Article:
How Do the Lungs Actually Work?


Stock photo of lung x-ray

We all know that the lungs are among our most important organs. They take life-sustaining oxygen into the body and get rid of gases like carbon dioxide from the body. Even though the lungs are so vital, many people do not know exactly how they work. Learning the individual parts of the lungs and their roles in the respiratory system allow patients to understand exactly how their breathing works. This may help to explain how certain disorders in the respiratory (breathing) system affect the body and how they can be treated. So, how do our lungs work?

The lungs, or rather, the respiratory system, can be “broken down” into five main parts: the upper airways, the trachea, the bronchi and bronchioles, and the alveoli. The lungs themselves only contain the bronchi (large air tubes), bronchioles (small air tubes) and alveoli (air sacs), but the pharynx (back of the throat) and trachea (windpipe) are important to lung function as well. By following the path of air as it moves into and out of the body, we can examine each part in detail.

The Upper Airways

The upper airways include the nasal cavity and mouth, the pharynx and the larynx. The reason these parts of the respiratory tract are all grouped under one name is that the purpose they all serve is to simply direct air into the lungs. As we breathe in, the upper airway warms the air and adds moisture to it so that it is more comfortable for our lungs. Many people are familiar with the parts of the upper respiratory system, which is the site of most common colds. The pharynx and larynx also have more common names, the throat and voice box, as well.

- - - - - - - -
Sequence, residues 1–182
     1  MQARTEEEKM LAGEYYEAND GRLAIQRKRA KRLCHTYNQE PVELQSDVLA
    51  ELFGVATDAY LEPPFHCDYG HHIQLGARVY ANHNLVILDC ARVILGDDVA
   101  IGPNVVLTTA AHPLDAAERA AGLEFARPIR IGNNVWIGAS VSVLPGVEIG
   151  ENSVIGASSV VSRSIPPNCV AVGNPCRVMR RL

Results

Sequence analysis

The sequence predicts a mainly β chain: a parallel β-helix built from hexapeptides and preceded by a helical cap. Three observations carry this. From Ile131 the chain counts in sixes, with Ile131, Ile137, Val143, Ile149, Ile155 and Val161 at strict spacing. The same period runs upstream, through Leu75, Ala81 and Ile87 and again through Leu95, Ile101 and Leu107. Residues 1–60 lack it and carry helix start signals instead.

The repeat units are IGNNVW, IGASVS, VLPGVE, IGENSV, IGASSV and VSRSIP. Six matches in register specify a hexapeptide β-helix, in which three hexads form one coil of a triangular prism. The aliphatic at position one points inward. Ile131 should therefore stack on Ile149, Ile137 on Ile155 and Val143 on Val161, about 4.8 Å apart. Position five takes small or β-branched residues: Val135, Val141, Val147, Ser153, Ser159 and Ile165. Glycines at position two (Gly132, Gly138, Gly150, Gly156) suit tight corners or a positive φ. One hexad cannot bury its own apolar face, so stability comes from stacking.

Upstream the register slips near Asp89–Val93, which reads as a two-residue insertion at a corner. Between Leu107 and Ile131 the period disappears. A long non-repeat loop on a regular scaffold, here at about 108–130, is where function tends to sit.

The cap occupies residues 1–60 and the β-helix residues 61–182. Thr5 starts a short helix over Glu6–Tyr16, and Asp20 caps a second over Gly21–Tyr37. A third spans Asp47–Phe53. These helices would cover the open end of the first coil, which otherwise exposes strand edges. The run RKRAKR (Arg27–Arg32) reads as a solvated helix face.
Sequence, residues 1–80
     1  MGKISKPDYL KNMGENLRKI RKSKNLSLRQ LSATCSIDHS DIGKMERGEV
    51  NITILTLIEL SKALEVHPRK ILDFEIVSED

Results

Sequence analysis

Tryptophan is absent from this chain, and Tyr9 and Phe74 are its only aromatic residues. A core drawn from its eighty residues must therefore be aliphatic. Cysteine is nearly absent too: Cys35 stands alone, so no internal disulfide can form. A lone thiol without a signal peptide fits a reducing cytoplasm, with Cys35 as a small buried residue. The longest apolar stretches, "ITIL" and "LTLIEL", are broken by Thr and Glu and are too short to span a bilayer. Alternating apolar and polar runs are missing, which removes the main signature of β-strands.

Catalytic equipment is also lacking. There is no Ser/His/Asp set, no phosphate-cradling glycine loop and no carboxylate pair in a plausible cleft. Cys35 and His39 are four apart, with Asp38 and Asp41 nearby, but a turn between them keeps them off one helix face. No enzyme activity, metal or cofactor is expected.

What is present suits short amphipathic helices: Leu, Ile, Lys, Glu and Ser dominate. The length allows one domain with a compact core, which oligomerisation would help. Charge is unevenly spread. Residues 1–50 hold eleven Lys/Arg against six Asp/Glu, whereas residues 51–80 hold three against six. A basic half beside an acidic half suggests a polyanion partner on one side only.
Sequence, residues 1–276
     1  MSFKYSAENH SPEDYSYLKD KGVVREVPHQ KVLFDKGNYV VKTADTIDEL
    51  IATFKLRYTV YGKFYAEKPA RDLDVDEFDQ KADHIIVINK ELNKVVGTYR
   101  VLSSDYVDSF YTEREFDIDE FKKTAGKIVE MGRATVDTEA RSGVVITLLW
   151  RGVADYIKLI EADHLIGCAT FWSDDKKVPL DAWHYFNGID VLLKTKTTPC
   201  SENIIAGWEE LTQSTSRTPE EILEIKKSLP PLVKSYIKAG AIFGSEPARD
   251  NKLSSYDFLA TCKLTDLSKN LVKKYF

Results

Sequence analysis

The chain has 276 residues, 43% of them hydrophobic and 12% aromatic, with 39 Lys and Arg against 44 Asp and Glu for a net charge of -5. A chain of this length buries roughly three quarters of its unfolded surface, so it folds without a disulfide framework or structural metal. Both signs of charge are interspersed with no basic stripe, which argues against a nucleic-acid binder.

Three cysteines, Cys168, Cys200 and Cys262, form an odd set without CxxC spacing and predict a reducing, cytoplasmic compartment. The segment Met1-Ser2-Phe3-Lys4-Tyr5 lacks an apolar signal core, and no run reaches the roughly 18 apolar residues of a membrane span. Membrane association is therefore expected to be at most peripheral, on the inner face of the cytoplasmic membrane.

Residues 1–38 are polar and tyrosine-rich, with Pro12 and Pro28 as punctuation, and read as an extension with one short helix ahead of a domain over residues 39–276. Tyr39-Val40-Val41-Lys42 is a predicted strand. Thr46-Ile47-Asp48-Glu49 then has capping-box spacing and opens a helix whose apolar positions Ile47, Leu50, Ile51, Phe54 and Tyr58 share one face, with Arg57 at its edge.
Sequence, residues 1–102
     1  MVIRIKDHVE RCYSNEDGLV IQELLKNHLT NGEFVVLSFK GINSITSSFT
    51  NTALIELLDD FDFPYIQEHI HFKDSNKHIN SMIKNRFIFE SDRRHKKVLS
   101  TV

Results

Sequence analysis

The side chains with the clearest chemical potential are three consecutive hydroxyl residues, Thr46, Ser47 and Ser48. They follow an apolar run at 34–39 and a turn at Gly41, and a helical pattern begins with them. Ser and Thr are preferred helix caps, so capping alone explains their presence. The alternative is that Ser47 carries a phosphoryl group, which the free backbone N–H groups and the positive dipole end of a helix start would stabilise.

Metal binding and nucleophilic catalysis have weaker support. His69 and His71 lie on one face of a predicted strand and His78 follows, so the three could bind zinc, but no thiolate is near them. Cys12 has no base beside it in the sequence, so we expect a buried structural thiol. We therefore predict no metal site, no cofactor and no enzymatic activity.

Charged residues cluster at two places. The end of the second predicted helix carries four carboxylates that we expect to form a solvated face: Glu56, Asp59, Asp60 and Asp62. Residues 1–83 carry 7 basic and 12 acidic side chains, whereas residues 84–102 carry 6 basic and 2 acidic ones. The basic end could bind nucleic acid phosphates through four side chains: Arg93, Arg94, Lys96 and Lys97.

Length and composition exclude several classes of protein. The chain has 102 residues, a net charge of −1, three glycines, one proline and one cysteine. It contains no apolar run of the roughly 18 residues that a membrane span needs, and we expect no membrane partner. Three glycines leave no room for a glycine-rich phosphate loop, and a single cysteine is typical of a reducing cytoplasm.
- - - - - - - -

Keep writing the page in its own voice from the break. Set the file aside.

The Trachea

Once air moves down through the upper airways, it reaches the trachea, or “windpipe.” The trachea is basically a tube with an upside-down Y shape. It can be thought of as the first part of the lungs reached by air when inhaling. The trachea serves to direct air into the two lungs. The trachea has a protective coating of special cells that helps defend against inhaled dust and particles. This airway is also surrounded by muscles and rings of cartilage. These help the trachea to maintain its shape so that air can always pass to and from the lungs with ease.

The Bronchi and Bronchioles

After the air passes through trachea, it moves into arms of the upside-down “Y,” the large airways called the left bronchus and the right bronchus. A series of tubes, known as the bronchi (large tubes) and bronchioles (small tubes) are referred to as the bronchial tree because they resemble the branches of a tree that get smaller and smaller as they get closer to the leaves. These structures, similar to the trachea, carry air further into the lung and attach finally at the alveoli, which are like the leaves.

The Alveoli

The alveoli, also known as air sacs, are responsible for the most important work done in the lung: the transfer of gases. The alveoli are very, very small sacs of air attached to the ends of the smallest airways, the bronchioles. The air sac is made of a very thin membrane (tissue). When we breathe air in, oxygen moves across that membrane and into the small blood vessels that go through the lung. Carbon dioxide and other gases from the blood cross the membrane and are then exhaled through the same structures that oxygen-rich air came in. Then, the process is repeated over and over again.

Understanding how our lungs work is not a very complicated issue when we take this problem and break it down into parts. This new knowledge can help patients understand how some of the more complex disorders and diseases of the lung affect the body.

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